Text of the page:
Judy Heumann was the assistant secretary for special education and rehabilitative services under Secretary Riley. She contracted polio when she was 18 months old and grew up using a wheelchair. The New York City Public Schools refused to enroll her – not because she wasn't smart enough, not because she couldn't learn – simply because she used a wheelchair. When she was old enough for 4th grade, she was allowed to enroll in school. She went on to graduate high school and then college. She applied for job as teacher in the system and was turned away again. Once again, she didn't give up. She eventually got a job as a teacher -- but only after suing the school board.
Judy knows that a disability shouldn't stop any child from attending school, pursuing a career, and making a difference in the lives of others. In addition to eight years of public service at the Department of Education, she has been a strong advocate for persons with disabilities. She has worked with the World Bank to ensure that it addresses disability issues in its work with countries throughout the world. Today, she is the director of the Department of Disability Services in the District of Columbia.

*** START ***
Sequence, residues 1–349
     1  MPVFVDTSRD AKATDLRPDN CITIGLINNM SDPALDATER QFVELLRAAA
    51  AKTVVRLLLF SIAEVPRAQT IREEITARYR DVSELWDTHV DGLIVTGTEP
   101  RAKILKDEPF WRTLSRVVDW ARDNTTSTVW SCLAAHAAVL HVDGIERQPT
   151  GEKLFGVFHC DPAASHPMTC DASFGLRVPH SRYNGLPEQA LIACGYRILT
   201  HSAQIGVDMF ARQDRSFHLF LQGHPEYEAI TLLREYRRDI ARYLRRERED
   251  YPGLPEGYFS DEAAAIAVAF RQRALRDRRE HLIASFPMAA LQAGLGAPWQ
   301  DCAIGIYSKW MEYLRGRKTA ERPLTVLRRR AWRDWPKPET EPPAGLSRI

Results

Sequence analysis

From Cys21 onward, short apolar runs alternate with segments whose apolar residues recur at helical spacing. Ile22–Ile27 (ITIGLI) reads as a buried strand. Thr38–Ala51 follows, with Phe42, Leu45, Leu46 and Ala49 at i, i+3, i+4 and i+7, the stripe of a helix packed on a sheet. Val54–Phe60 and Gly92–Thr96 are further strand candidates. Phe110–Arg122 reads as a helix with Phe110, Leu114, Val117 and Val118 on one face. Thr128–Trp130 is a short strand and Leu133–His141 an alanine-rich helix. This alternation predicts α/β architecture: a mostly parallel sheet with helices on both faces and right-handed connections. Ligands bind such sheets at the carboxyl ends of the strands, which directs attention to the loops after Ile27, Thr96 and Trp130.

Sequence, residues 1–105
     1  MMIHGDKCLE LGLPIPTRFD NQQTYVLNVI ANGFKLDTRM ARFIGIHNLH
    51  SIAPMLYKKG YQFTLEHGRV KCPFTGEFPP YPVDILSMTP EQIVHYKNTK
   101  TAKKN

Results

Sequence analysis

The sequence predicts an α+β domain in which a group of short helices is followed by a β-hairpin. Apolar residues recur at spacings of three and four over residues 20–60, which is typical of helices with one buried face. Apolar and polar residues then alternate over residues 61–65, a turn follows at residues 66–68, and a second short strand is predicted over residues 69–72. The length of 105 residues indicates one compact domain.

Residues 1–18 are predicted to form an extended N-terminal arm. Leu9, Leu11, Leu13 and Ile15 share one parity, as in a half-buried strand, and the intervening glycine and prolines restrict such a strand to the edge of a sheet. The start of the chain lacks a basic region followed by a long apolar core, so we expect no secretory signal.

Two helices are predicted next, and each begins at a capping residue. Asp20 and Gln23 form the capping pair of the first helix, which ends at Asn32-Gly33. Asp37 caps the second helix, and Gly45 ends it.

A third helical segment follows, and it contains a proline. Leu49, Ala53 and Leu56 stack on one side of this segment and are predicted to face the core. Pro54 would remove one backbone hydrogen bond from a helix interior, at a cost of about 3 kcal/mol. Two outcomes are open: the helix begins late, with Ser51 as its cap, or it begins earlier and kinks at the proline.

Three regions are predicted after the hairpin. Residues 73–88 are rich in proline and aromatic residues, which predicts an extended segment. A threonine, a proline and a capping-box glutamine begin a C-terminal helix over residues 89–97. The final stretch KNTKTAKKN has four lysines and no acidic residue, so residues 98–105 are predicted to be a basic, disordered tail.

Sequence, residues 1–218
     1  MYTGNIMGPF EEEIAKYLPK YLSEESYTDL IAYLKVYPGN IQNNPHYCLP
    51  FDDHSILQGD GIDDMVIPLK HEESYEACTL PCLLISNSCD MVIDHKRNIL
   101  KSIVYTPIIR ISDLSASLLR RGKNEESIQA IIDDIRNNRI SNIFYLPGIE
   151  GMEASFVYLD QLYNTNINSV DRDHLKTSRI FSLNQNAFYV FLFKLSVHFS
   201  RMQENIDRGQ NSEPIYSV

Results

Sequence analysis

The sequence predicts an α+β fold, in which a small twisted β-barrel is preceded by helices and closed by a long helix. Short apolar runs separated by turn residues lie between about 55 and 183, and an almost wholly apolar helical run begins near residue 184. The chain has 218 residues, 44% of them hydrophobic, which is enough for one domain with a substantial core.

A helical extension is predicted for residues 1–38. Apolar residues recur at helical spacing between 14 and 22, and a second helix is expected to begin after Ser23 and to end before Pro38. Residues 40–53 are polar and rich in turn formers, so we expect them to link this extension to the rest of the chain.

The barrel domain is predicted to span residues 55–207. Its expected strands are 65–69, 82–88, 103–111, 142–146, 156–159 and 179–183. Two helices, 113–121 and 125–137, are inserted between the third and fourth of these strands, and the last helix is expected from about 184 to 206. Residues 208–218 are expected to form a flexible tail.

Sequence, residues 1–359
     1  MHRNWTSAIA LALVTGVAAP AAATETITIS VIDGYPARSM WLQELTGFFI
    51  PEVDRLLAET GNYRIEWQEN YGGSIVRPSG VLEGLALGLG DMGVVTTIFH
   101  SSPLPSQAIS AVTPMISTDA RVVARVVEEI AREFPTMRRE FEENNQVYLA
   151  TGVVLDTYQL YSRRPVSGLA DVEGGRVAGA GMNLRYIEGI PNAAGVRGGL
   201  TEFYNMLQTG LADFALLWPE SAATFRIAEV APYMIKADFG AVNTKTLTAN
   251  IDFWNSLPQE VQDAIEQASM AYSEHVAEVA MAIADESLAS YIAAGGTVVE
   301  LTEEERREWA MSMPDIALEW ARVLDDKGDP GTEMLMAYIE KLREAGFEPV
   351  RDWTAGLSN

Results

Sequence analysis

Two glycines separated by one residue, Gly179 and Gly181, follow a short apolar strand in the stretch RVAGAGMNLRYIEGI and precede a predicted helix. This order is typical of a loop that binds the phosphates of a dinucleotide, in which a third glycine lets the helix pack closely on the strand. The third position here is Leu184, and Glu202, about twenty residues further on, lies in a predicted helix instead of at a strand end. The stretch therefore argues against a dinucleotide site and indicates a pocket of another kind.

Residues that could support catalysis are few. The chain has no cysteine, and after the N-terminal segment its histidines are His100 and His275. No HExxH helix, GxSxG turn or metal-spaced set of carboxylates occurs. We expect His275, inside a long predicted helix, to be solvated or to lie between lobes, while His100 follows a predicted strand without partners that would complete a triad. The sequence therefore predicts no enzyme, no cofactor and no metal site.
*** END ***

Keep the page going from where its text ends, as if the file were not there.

Her work and dedication are reminders of the power of determination and the time-honored truth that disabilities alone do not define us or our work and worth as human beings. Students like Kaitlyn and Kathleen – and adults like Judy – show us that disabilities are not destiny.
The work you do as special education leaders and teachers is vitally important for the students you work with – and our society as well. Children no longer have to fight to be enrolled in school. People who use wheelchairs no longer need to sue simply to have their job application considered by public school districts or other employers. And students like Kathleen can be important parts of a school community – learning with her peers and teaching her peers important lessons about respect, self-confidence, and friendship.
Those are civil rights victories truly worth celebrating. But we haven't fulfilled the promise of education for students with disabilities. The struggle for equal opportunity in our nation's schools and universities did not end with the passage of IDEA or at the foot of the Edmund Pettus Bridge. We will work with schools and enforce laws to ensure that all children, no matter what their race, gender, disability or national origin, have a fair chance at a good future. We will make sure ESEA doesn't lose track of these students, who in many cases are making significant progress.